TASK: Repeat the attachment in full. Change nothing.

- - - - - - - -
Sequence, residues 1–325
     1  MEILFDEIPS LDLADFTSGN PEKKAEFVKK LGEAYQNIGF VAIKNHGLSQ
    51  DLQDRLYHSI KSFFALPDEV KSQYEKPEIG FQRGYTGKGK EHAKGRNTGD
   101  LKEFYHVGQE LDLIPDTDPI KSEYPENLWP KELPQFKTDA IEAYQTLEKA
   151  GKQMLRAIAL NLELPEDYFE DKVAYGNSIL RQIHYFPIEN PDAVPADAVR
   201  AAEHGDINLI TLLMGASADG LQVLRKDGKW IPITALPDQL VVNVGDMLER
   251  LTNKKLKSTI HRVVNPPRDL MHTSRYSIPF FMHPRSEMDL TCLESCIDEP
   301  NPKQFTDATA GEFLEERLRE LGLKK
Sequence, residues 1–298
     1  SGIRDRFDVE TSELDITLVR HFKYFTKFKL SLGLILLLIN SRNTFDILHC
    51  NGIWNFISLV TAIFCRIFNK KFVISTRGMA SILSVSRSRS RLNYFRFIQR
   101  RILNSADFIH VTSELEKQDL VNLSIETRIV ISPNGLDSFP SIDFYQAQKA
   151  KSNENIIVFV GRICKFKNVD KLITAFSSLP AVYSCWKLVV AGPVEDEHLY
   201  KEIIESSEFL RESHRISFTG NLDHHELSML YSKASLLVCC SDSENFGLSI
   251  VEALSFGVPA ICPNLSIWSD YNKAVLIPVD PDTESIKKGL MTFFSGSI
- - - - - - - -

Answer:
Sequence, residues 1–325
     1  MEILFDEIPS LDLADFTSGN PEKKAEFVKK LGEAYQNIGF VAIKNHGLSQ
    51  DLQDRLYHSI KSFFALPDEV KSQYEKPEIG FQRGYTGKGK EHAKGRNTGD
   101  LKEFYHVGQE LDLIPDTDPI KSEYPENLWP KELPQFKTDA IEAYQTLEKA
   151  GKQMLRAIAL NLELPEDYFE DKVAYGNSIL RQIHYFPIEN PDAVPADAVR
   201  AAEHGDINLI TLLMGASADG LQVLRKDGKW IPITALPDQL VVNVGDMLER
   251  LTNKKLKSTI HRVVNPPRDL MHTSRYSIPF FMHPRSEMDL TCLESCIDEP
   301  NPKQFTDATA GEFLEERLRE LGLKK
Sequence, residues 1–298
     1  SGIRDRFDVE TSELDITLVR HFKYFTKFKL SLGLILLLIN SRNTFDILHC
    51  NGIWNFISLV TAIFCRIFNK KFVISTRGMA SILSVSRSRS RLNYFRFIQR
   101  RILNSADFIH VTSELEKQDL VNLSIETRIV ISPNGLDSFP SIDFYQAQKA
   151  KSNENIIVFV GRICKFKNVD KLITAFSSLP AVYSCWKLVV AGPVEDEHLY
   201  KEIIESSEFL RESHRISFTG NLDHHELSML YSKASLLVCC SDSENFGLSI
   251  VEALSFGVPA ICPNLSIWSD YNKAVLIPVD PDTESIKKGL MTFFSGSI